If the blocks use too much shared memory and there is not enough memory for more than 1 block, than have extra loads from the global memory.
Pleas note that 2048 active threads does not mean that there are 2048 threads running in the same time. In practice only 2, or 3 warps are running. The rest are waiting for loads from the global memory and/or waiting for the cores to get free.


All right, I’ve created a kernel, 2 of which should fit in an SM according to the occupancy calculator.

1020 threads, 32 registers (set by max), 9488 bytes shared memory.

I need to launch 5214 of these kernels at a time with as much concurrency as possible.

I created 28 streams, and attempted to launch each kernel, cycling through the streams.

At count of 568, I get cudaErrorInvalidValue (11) on kernel launch. I presume this means I’ve hit a queuing limit of 23 kernels per stream, but I am unable to find info on this spec.

Anyone encountered this, or know of an example on how to manually deal with queuing large numbers of kernels?

You could use callbacks - issue callbacks within streams
So, launch x kernels in a particular stream, and then a call-back in that very same stream; and do this for all streams
The callback function would execute the moment all work in a particular stream is finished
So you could essentially have your call-back function reload a particular stream
Reference the programming guide for more information on callbacks

Alternatively, you could have a tread per stream on the host, that test the status of the stream it monitors on a regular interval, and have it re-issue
Again, reference the programming guide for stream APIs available

At the same time; I would really question your assumption that you actually have to launch 5124 kernels, instead of just 28
Why cant 28 do (all) the work of 5124?
You say you need concurrency - what does that essentially mean?

Good suggestions all. Thanks.

I need concurrency to keep the GPU as fully loaded as possible to minimize the aggregate processing time.

I suppose that a single kernel could do the work of N=5128/28 by looping through the algorithm N times, however I believe that would require more registers and I’m already spilling due to max reg = 32.

I will have to further evaluate this to determine the best approach. I am also looking at stream events to manage the queues.

Would it not take a single variable to create such a loop, rather than a array of variables (per thread)?
So would it really be that expensive?
All threads can merely test a single variable in shared memory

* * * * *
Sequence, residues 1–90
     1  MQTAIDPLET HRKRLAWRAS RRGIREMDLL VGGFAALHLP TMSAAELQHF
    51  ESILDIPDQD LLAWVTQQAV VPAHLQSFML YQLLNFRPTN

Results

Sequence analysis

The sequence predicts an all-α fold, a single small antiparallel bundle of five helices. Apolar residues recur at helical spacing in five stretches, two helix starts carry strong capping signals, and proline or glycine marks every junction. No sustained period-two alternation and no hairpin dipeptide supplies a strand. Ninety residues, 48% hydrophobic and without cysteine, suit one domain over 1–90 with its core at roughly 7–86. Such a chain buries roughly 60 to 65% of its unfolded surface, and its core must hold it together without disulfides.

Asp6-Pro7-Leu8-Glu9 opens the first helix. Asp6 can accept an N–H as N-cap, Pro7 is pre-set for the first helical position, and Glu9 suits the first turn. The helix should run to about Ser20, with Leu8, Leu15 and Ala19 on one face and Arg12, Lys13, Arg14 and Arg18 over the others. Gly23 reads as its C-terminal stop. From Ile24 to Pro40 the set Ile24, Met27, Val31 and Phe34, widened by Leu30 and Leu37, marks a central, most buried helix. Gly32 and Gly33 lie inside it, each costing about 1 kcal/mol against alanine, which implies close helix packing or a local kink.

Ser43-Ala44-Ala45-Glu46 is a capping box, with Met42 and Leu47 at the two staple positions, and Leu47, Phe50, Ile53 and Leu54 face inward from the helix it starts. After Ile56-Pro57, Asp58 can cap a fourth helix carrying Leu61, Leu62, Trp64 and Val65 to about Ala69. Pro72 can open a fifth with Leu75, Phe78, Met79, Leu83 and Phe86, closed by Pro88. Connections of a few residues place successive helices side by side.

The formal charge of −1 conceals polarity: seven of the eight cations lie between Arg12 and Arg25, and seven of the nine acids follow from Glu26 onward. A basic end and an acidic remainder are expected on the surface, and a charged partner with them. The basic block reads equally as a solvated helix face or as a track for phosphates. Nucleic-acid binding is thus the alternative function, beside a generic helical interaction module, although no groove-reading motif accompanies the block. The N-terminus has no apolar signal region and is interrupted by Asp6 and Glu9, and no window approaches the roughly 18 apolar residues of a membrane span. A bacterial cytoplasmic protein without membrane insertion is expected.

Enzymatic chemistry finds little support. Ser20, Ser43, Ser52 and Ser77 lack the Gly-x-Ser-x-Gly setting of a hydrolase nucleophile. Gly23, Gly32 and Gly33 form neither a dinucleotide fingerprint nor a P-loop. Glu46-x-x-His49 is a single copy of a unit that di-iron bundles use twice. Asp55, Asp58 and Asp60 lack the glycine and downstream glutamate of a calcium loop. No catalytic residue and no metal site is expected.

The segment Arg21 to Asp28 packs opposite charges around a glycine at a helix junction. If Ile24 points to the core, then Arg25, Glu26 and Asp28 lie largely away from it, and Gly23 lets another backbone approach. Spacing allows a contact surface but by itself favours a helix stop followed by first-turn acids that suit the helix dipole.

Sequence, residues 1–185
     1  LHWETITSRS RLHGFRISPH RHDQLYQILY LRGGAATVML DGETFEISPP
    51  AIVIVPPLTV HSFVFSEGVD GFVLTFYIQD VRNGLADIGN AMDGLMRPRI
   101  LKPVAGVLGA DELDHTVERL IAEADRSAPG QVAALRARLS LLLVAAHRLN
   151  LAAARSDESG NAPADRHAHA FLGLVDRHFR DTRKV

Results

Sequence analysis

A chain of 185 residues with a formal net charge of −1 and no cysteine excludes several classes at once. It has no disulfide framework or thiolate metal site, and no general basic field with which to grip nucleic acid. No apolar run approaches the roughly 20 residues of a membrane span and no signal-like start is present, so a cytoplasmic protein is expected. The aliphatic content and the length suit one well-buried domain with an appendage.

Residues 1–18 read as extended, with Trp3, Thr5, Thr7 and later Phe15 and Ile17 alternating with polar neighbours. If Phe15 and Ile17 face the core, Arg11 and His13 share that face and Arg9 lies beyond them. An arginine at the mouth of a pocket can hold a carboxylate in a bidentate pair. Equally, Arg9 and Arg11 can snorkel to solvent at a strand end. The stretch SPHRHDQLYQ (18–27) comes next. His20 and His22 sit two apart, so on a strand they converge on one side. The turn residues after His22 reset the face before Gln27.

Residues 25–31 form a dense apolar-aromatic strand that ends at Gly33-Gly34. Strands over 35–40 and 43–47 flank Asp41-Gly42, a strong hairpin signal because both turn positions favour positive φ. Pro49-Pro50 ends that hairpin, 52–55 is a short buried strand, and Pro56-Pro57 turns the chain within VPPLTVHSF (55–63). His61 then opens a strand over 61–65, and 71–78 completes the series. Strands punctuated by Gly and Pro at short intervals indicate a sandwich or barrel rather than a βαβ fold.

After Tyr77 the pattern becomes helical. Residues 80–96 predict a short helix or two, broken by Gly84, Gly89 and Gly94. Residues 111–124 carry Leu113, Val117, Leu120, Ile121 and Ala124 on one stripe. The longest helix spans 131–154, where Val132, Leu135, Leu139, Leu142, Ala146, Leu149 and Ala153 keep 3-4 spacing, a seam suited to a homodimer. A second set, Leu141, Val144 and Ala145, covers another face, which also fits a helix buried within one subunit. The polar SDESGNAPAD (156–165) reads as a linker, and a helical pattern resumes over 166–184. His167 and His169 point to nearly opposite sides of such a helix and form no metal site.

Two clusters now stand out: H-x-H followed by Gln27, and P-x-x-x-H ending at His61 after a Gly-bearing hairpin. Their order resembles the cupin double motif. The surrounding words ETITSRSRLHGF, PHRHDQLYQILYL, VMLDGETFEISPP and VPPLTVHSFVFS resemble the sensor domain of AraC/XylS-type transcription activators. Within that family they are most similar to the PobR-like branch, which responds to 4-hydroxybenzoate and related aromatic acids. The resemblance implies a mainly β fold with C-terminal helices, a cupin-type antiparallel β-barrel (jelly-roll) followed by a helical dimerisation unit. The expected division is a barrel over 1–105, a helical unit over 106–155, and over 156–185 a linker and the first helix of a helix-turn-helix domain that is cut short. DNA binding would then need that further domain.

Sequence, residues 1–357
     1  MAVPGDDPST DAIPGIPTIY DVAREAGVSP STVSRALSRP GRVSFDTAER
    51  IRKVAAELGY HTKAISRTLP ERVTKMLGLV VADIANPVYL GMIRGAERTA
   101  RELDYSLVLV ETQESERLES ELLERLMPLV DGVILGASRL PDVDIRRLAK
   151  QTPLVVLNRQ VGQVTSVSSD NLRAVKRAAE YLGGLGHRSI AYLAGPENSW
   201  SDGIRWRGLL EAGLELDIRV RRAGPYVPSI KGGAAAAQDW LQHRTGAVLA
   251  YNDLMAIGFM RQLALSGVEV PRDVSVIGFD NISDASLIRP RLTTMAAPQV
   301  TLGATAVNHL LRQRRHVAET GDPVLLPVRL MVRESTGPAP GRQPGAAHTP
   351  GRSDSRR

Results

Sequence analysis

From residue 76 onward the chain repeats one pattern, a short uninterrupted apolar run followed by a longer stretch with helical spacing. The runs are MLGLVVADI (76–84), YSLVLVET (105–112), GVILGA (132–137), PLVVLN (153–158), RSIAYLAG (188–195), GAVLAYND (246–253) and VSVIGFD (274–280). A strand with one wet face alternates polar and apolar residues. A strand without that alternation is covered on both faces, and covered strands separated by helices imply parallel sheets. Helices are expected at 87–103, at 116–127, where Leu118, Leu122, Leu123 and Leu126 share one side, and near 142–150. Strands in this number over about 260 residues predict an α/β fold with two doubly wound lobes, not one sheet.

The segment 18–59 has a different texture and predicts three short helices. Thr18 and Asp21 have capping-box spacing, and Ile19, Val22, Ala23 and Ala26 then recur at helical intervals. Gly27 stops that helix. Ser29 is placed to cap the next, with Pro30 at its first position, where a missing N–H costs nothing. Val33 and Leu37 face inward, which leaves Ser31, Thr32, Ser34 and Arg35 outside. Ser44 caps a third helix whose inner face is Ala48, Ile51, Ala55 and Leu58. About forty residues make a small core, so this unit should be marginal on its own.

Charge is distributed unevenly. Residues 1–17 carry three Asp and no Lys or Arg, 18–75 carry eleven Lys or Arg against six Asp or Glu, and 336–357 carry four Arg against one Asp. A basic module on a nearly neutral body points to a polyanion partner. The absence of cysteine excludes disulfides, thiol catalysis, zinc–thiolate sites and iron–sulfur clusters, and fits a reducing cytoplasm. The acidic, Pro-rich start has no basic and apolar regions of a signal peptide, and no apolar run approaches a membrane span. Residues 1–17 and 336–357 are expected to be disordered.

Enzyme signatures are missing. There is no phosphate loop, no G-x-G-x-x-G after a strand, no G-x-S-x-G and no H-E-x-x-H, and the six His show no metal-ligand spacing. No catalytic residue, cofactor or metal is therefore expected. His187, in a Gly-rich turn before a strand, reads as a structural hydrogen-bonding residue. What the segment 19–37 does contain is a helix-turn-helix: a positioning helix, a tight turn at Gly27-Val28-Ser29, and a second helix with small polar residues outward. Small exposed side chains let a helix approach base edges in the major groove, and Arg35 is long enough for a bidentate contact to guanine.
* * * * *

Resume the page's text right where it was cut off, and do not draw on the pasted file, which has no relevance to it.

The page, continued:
Or then, use a single variable per warp block; still not that expensive memory wise

Actually it is significantly more complicated than just extra registers.

There is also an additional thread contraction for a couple more complex functions which contain __syncthreads() and re-expansion to the original count and the effort to get it working again.

Not that it cannot be done, it just may be harder than managing the queues.

If I knew there was a performance advantage, it might be worth the effort.

How long does it take to launch a kernel? Or rather then, how long does it take for a SM to load a kernel from a stream and commence processing it?
I do not know
I have heard mention of ‘long’
This is should likely be the key deciding factor

Agreed. My previous experience is that kernel launch times can be overwhelmed by globsl memory conflicts.

I figured out that the error I was getting was actual invalid data input, not stream queue related.

How is launching the same kernel 5214 times in parallel different from launching the kernel just one time with a grid 5214 times as large?

One difference is where the indexing into memory occurs, since all my buffers are on the GPU. If they weren’t, I guess with streams you could interleave buffer copies.

Another difference is I am computing a small block of random numbers on the CPU for each kernel interleaved with kernel launches.
My experience with cuRand doing this on the GPU is fraught with problems and overhead.
I’ve had kernels which would not launch, until I took calls to cuRand out, due to the large amount of resources it consumed. However, this is old data from several years ago.

OTOH, a 5214 block kernel avoids the stream creation overhead.

I may test both and find out if either gives a performance advantage, but I have severe doubts about including cuRand in the kernel.

The discussion over the preceding posts was equally about launching 28 kernels, each with a grid of 1 block, such that they are guaranteed to run concurrently, having them do the work of 5124 kernels or then 5124 kernel blocks
Hence, it was not a mere comparison of 5124 kernels (each 1 block) versus (1 kernel with) 5124 kernel blocks